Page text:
In the book Solitude: Seeking Wisdom in Extremes—A Year Alone in the Patagonia Wilderness, which I’m currently reading, Robert Kull’s challenge is clear—survival for a year, with the closest village one hundred miles away. Then there is Thoreau, who built his own cabin on Walden Pond. Granted, it was easy walking distance to Concord and rumor has it that Thoreau took his laundry home to his mother, but in my terms, he was roughing it. On the contemporary scene, Sara Maitland drives a hour from her renovated Scottish croft once a week, turns off the phone and internet twice a week, and tries to limit her social contacts (not including church and grocery shopping) to six days a month.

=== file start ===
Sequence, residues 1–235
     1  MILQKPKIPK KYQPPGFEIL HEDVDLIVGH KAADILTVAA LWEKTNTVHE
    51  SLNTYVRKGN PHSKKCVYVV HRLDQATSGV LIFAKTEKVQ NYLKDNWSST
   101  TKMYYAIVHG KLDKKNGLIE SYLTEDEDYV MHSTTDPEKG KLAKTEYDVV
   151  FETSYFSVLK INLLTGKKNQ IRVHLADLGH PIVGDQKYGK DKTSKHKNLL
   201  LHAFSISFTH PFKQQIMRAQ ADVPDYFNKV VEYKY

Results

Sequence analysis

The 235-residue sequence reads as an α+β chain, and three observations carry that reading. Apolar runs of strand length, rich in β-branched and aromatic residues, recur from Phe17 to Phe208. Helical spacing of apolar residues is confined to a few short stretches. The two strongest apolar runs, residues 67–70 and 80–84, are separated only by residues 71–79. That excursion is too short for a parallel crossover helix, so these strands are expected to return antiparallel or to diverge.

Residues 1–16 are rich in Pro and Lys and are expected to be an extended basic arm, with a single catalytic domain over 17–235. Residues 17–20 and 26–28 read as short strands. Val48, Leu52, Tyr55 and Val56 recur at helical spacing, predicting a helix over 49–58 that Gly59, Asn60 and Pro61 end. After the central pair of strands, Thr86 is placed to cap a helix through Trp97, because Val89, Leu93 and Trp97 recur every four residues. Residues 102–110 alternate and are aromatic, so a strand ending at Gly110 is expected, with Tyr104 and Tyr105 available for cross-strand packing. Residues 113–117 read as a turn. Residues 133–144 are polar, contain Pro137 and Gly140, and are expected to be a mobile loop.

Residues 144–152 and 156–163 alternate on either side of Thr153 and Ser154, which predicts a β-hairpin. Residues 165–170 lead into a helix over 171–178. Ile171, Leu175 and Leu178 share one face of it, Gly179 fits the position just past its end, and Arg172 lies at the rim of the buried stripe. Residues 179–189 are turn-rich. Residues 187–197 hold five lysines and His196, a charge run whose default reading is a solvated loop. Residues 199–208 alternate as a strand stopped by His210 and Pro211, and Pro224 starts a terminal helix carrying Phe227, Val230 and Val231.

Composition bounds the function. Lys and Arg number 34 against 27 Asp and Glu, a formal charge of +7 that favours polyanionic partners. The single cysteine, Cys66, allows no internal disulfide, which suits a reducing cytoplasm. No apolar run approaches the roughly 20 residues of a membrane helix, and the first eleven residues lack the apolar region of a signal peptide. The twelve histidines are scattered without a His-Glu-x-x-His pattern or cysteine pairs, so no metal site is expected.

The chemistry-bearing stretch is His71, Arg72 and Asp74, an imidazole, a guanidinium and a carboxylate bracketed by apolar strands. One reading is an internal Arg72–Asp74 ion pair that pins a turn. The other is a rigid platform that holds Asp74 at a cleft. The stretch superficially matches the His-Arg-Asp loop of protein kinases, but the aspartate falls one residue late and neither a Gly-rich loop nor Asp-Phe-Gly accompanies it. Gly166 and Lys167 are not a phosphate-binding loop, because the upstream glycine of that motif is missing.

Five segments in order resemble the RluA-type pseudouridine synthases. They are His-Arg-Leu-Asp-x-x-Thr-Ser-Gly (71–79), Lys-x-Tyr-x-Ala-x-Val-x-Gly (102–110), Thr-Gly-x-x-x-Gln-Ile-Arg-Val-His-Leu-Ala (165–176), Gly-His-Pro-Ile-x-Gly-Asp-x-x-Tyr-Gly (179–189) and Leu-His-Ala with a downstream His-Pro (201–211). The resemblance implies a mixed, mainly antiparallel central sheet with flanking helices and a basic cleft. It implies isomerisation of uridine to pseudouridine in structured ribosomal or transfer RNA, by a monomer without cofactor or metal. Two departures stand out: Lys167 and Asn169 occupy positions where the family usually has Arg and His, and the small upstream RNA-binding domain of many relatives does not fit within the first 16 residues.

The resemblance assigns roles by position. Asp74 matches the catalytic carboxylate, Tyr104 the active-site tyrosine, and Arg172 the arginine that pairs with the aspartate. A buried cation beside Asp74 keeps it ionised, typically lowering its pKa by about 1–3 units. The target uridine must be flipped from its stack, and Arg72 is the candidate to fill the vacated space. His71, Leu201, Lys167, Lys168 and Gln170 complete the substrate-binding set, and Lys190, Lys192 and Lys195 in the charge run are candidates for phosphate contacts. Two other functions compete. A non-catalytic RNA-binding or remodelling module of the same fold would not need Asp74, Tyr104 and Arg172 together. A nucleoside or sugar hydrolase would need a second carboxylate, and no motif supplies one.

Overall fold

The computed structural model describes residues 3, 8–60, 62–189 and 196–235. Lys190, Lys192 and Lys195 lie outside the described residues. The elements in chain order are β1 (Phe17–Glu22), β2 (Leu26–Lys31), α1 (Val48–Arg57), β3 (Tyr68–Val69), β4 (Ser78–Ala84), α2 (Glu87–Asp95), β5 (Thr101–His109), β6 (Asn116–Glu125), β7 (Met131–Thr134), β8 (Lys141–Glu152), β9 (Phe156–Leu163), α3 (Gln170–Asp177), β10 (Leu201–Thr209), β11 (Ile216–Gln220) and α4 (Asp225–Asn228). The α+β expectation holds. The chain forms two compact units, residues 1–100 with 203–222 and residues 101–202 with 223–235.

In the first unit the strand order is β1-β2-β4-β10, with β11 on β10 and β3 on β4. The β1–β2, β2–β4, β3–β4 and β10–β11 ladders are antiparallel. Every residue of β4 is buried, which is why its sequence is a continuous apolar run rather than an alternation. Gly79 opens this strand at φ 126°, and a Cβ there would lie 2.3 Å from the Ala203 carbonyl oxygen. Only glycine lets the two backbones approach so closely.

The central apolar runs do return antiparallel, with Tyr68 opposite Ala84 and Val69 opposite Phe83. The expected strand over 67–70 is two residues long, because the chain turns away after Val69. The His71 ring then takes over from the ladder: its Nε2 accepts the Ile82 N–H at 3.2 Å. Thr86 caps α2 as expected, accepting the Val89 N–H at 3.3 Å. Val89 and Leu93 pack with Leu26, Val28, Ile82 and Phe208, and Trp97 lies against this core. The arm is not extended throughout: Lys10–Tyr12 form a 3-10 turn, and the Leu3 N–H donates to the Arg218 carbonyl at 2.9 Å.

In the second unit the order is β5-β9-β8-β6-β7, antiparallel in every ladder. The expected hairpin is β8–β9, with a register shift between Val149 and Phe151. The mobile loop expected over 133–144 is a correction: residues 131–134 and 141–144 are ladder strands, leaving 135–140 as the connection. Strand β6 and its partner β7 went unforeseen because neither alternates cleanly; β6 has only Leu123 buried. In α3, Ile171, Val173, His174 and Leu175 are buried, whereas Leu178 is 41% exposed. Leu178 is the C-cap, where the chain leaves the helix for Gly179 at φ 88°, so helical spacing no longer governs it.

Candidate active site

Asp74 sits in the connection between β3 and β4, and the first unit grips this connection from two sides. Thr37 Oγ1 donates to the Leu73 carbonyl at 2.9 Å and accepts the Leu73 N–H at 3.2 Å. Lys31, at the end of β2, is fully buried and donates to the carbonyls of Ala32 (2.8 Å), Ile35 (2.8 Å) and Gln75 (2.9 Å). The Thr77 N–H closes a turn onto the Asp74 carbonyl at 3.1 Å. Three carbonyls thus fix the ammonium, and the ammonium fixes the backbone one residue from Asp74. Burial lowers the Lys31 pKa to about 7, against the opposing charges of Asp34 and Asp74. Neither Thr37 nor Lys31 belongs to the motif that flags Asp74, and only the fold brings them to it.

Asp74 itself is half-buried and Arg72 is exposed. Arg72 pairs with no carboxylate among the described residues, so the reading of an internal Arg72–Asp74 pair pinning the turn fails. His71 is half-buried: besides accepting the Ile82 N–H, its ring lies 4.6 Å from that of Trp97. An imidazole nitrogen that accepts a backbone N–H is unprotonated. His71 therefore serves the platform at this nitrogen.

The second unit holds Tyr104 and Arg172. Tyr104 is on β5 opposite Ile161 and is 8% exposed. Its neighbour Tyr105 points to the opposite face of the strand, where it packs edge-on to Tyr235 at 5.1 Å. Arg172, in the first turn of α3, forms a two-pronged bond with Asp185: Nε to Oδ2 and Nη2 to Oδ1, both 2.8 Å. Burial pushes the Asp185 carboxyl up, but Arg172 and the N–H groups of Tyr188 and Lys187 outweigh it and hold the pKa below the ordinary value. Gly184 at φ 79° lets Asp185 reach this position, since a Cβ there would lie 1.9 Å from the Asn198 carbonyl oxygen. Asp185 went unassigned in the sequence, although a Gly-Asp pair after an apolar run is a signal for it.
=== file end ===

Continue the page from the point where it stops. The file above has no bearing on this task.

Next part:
It seems that those of us who like to be alone each have a particular focus: Kull’s was solitude; Thoreau’s, simplicity; Maitland, silence. What is mine? Probably solitude, but silence and simplicity are both appealing and necessary. Next week I have five full days at the cottage, time to create a 3S’s routine that might work for me back home.